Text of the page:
Women's Aid Welcomes Amendments to the Domestic Violence Act

5 Aug 2011

  • The Civil Law (Miscellaneous Provisions) Bill 2011 makes long campaigned for changes to extend legal protection from domestic violence
  • Parents with a child in common are now able to apply for Safety orders regardless of cohabitation
  • Cohabiting partners can now apply for Safety Orders without any specific duration of cohabitation required
  • Same sex cohabitants are now eligible for orders under the Domestic Violence Act in the same way as opposite sex cohabitants

Margaret Martin, Director of Women's Aid, today welcomed the enactment of the Civil Law Miscellaneous Provisions Bill 2011, which implements much needed and welcome amendments to the Domestic Violence Act, 1996.

Ms Martin said "Women's Aid has been concerned about gaps in eligibility for orders under the Domestic Violence Act, 1996 for many years. In particular, women experiencing domestic violence who had a child with their abusive partner, but had never lived together with him, were not eligible to apply for domestic violence orders. This was a huge gap until now. Where there is a child in common there is generally continued contact between the parents and each contact presents an opportunity to the woman's partner to continue to intimidate and abuse her.

As a key national organisation that has been supporting women for over 35 years we have seen this situation happen again and again. We are therefore delighted that this gap has been addressed and congratulate Minister Shatter on this achievement".

The amendments also mean that the requirement that cohabiting partners need to have cohabited for a minimum period of 6 out of the previous 12 months in order to be eligible for Safety Orders has been dropped. Therefore, cohabitants partners are now eligible to apply for Safety Orders without any specific duration of cohabitation required.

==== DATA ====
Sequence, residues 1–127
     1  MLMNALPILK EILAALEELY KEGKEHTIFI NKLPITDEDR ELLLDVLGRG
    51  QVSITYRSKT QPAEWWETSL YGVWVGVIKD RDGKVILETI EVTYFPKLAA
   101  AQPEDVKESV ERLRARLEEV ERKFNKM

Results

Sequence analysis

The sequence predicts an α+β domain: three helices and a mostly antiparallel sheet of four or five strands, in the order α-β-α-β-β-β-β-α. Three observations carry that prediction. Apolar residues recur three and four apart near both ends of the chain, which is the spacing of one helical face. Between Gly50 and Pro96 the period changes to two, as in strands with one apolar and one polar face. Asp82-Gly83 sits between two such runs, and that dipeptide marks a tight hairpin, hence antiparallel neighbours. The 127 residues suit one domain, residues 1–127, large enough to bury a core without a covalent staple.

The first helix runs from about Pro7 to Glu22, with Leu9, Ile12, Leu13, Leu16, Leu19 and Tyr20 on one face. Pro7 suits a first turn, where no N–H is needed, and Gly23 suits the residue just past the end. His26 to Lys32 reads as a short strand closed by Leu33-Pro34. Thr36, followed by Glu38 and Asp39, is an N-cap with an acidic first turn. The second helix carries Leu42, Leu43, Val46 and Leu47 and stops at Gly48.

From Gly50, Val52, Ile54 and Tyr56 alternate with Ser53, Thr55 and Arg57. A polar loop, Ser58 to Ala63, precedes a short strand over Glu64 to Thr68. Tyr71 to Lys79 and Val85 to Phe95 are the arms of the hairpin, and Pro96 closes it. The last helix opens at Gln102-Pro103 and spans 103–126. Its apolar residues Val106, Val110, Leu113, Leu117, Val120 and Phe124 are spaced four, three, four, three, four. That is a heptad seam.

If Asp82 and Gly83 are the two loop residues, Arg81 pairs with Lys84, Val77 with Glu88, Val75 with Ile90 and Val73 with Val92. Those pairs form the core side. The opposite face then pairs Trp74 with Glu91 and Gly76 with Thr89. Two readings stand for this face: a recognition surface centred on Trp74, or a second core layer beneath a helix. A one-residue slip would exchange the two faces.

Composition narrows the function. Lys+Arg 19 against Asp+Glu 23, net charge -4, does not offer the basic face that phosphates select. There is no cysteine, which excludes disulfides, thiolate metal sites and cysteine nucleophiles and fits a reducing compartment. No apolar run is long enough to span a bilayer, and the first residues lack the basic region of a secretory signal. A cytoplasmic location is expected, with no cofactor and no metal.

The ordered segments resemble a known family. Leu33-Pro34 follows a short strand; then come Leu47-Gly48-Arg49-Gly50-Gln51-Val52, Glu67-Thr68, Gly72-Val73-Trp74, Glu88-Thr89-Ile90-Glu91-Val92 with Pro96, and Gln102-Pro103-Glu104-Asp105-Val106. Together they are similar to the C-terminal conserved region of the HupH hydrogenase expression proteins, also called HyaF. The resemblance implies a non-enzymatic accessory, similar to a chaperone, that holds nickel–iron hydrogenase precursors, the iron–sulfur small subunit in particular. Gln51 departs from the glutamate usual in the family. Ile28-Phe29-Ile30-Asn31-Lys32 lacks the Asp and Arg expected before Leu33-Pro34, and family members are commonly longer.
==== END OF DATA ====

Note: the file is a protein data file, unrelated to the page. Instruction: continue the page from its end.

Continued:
Ms Martin continued " Women's Aid regularly works with women experiencing very severe violence, who were denied a Safety order in the past because they had not lived with the abuser for the required 6 out of the previous 12 months.

We often see cases where women separating from a violent partner hoped that leaving him would end the violence. By the time they realised that this was not the case and that the abuse was going to continue, it was often too late to apply for protection against a former cohabitant partner. The dropping of the minimum time requirement is very significant and will provide protection for many more women who need it.

While welcoming the present amendments to the Domestic Violence Act, Ms Martin noted that dating partners remain outside the protection of domestic violence legislation and she expressed hope that the Government would introduce further changes in legislation to address this.

The Women's Aid Helpline is open from 10am - 10pm, 7 days a week

1800 341 900



For more information contact:

Laura Shehan at 01-8684721 or 087-9192457

Case studies available at https://www.womensaid.ie/media/casestudies.html


Notes to Editors

  • Women's Aid is a leading national organisation, which provides support and information to women experiencing domestic violence. Women's Aid operates a National Freephone Helpline Service and a Dublin based One to One Support Service and Court Accompaniment Service. Women's Aid also refers to local refuges and support services around the country.
  • The Women's Aid Helpline responded to 10,055 calls in 2010. There were 430 one to one support visits and 164 court accompaniments. There were 8351 incidents of emotional abuse disclosed and 3031 incidents of physical abuse.
  • 588 incidents of sexual abuse were recorded, which is traditionally not disclosed by women experiencing domestic violence, with 213 rapes within relationships being reported to the service.